Every year I am consistently referring back to the content that was taught to me by my professors and teaching assistants in the history and Classics departments. The textbooks and notebooks from each class are kept beside my other curricula materials as resources for various lessons. As my students begin to read the Iliad in their English class, I present a lecture that condenses the essential information of a semester-long Classics course on the myth and reality of Troy. When discussing the social structures of ancient Rome, I look up my notes on domestic law from History 223: Roman Women and Men. My Latin textbook, old exams, and homework exercises are regularly referred to for variety in my own students’ assessments. These are only a few examples.


In addition, throughout the years I’ve often reflected upon the effective teaching methods of not only my college instructors, but also my own high school teachers. They taught me how to teach by their examples, not only by memorable and effective lesson plans, but how they conveyed their passion for their subjects into the classroom.


In education, regardless of the level, teachers much grow as professionals every year to be successful. In addition to taking full advantage of the professional development opportunities that institutions provide, I have found that developing other skills and investing in various projects has brought renewed vigor to the whole of my work. This ranges from learning new software skills to better the production and presentation of classroom materials, to developing curricula for advanced Latin courses, and to working with colleagues for curricula coordination between history and English classes on ancient Greece and Rome. If work stagnates, and activity is too similar day-to-day and year-to-year, the worker will not be competitive. Pursuing professional improvement independently, and coming forward freely to offer services and skills, demonstrates to colleagues and supervisors investment in your own work, and in the school as a whole.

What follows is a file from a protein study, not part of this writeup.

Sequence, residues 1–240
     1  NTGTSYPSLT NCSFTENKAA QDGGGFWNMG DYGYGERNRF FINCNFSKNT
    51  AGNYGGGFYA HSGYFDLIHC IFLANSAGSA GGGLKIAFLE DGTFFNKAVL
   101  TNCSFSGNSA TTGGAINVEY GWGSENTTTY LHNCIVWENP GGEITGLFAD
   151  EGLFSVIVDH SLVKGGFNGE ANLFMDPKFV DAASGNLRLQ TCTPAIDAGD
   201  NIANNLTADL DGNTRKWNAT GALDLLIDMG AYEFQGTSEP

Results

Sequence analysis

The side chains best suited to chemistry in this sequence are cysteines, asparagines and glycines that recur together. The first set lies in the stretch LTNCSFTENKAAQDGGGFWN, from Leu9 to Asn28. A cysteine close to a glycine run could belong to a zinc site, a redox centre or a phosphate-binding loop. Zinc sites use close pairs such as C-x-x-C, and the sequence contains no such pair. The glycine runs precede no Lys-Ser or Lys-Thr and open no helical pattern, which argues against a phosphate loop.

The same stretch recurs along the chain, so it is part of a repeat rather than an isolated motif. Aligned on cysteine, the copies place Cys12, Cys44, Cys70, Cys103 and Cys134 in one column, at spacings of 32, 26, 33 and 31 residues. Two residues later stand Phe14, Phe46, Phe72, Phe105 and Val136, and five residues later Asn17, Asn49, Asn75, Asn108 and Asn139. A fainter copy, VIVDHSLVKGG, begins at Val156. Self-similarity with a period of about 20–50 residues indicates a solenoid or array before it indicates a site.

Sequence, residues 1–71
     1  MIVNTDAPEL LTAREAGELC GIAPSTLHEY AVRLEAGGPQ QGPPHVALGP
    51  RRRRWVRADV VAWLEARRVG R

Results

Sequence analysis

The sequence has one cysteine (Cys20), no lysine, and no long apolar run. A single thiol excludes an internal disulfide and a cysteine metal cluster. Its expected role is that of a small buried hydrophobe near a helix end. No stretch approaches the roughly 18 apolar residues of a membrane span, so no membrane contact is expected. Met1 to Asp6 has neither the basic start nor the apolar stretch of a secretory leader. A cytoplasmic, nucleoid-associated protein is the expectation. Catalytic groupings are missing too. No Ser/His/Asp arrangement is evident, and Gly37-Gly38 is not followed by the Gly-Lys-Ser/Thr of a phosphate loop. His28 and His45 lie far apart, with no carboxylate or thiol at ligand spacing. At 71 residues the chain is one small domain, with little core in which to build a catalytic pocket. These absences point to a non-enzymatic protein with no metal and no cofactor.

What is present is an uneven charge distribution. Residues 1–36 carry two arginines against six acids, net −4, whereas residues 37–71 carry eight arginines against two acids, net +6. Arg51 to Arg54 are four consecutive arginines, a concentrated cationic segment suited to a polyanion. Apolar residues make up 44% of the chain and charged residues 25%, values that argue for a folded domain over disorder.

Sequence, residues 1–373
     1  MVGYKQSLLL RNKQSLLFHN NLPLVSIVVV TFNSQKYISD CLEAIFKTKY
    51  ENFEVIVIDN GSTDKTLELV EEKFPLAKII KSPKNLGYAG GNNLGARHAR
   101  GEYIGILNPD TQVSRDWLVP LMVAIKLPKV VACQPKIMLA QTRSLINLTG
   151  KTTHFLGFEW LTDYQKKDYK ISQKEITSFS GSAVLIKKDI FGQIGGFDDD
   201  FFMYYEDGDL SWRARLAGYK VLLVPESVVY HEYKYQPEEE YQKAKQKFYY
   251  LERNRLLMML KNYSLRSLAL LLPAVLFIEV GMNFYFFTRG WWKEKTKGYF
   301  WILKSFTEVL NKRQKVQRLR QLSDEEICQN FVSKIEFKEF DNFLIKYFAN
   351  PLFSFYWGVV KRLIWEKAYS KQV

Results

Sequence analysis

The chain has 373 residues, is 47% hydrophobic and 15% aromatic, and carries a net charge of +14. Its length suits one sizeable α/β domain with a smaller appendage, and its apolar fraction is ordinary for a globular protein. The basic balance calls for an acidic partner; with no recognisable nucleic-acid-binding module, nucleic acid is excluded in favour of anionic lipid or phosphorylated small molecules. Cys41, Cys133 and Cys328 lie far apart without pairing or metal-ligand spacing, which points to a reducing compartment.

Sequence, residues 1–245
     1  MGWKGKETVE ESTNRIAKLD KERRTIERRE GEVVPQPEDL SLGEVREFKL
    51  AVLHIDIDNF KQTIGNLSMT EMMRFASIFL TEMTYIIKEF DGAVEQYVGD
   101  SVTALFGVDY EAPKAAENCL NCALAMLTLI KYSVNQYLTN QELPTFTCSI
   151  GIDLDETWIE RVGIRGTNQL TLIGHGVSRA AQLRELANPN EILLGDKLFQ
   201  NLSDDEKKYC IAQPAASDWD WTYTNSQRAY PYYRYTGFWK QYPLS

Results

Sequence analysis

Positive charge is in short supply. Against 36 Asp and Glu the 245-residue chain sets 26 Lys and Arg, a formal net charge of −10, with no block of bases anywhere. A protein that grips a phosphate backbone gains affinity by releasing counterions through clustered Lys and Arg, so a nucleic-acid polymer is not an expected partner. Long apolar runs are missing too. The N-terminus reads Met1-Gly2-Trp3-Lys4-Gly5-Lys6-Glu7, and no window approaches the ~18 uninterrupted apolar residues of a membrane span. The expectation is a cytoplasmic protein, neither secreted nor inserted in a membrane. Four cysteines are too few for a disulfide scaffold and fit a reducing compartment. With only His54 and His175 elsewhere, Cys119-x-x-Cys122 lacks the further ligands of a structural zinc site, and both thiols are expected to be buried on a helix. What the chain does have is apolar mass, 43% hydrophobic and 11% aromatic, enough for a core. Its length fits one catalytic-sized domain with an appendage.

Advice for Students

Map out more than one path when you are planning out your career as a student. Generally, advisors and mentors want to be encouraging when you share with them your primary career aspiration, and they will help you down that road. But there is true value in a devil’s advocate asking the whys and what-ifs and if-nots. Be ambitious, but also be realistic, and apply that ambition to multiple career options. And then remember that different career paths do not have to be ranked above and below one another; place them side-by-side. There are many avenues that can lead to equal success and professional fulfillment.

Tim Weiss

Tim WeissTim Weiss graduated from UW in 2008 with a double major in History and Religious Studies.  He is currently the Director of Academic Advising for Arizona State University’s Humanities Division in the College of Liberal Arts and Sciences.

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My Work Life

In collaboration with the Directors of Natural Sciences and Social Sciences, I manage the day-to-day operations of the student services hub to provide major and career guidance, teach student seminars, manage a team of Academic Advisors, and help our students discover their intellectual home.